[R] help in maximum likelihood

Ravi Varadhan ravi.varadhan at jhu.edu
Wed Mar 2 16:05:10 CET 2016

There is nothing wrong with the optimization.  It is a warning message.  However, this is a good example to show that one should not simply dismiss a warning before understanding what it means.  The MLE parameters are also large, indicating that there is something funky about the model or the data or both.  In your case, there is one major problem with the data:  for the highest dose (value of x), you have all subjects responding, i.e. y = n.  Even for the next lower dose, there is almost complete response.  Where do these data come from? Are they real or fake (simulated) data?

Also, take a look at the eigenvalues of the hessian at the solution.  You will see that there is some ill-conditioning, as the eigenvalues are widely separated.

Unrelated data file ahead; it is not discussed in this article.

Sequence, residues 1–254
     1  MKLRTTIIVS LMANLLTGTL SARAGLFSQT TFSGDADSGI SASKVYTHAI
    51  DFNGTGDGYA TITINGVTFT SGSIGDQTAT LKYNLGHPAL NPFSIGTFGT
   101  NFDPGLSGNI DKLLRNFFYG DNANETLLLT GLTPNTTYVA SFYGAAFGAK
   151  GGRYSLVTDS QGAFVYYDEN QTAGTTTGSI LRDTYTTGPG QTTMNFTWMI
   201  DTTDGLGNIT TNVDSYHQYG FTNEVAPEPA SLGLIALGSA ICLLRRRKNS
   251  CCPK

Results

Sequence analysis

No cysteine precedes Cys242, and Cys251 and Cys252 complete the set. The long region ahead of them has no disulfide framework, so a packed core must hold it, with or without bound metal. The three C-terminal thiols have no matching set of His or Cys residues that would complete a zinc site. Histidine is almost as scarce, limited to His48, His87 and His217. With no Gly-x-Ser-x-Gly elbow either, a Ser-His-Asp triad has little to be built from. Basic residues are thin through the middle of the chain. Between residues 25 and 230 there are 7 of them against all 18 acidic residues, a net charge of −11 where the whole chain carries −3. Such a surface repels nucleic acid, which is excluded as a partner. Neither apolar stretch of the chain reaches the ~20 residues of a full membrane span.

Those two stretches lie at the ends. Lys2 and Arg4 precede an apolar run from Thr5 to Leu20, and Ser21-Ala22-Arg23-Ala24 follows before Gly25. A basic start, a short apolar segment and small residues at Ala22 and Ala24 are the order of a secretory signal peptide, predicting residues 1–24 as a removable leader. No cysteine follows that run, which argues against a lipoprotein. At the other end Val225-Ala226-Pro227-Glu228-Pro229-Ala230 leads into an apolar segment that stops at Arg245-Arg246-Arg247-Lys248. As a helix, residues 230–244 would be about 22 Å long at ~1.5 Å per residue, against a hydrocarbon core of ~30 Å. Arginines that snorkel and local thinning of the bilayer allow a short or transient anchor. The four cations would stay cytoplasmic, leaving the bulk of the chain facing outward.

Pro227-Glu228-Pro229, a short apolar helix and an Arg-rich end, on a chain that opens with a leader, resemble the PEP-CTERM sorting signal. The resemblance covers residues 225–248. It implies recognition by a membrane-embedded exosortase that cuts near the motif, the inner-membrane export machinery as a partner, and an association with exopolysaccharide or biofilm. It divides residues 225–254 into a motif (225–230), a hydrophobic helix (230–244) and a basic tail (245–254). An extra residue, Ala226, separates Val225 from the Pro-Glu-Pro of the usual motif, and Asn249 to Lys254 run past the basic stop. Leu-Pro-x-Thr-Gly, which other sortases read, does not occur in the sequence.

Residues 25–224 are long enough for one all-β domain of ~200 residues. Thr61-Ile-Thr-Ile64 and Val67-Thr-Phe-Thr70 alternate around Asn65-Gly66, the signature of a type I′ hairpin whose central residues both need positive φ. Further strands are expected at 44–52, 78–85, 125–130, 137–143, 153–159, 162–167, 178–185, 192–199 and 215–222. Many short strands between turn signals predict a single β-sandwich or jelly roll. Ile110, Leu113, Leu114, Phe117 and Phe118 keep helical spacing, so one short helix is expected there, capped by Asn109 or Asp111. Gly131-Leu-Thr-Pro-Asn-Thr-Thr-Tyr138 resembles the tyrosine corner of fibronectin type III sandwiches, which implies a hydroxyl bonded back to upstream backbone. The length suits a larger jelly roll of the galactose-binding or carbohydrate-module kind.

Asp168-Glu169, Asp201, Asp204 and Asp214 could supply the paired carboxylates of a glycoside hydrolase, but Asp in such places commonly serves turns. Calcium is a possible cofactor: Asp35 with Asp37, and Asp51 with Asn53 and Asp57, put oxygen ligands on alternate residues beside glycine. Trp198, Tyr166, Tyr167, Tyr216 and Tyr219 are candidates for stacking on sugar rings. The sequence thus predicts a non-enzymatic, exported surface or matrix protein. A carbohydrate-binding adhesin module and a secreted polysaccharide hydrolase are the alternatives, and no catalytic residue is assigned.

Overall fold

x <- c(1.6907, 1.7242, 1.7552, 1.7842, 1.8113, 1.8369, 1.8610, 1.8839)
y <- c( 6, 13, 18, 28, 52, 53, 61, 60)
n <- c(59, 60, 62, 56, 63, 59, 62, 60)

# note: there is no need to have the choose(n, y) term in the likelihood
fn <- function(p)
    sum( - (y*(p[1]+p[2]*x) - n*log(1+exp(p[1]+p[2]*x))) )

out <- nlm(fn, p = c(-50,20), hessian = TRUE)



Hope this is helpful,

Ravi Varadhan, Ph.D. (Biostatistics), Ph.D. (Environmental Engg)
Associate Professor,  Department of Oncology
Division of Biostatistics & Bionformatics
Sidney Kimmel Comprehensive Cancer Center
Johns Hopkins University
550 N. Broadway, Suite 1111-E
Baltimore, MD 21205

	[[alternative HTML version deleted]]

More information about the R-help mailing list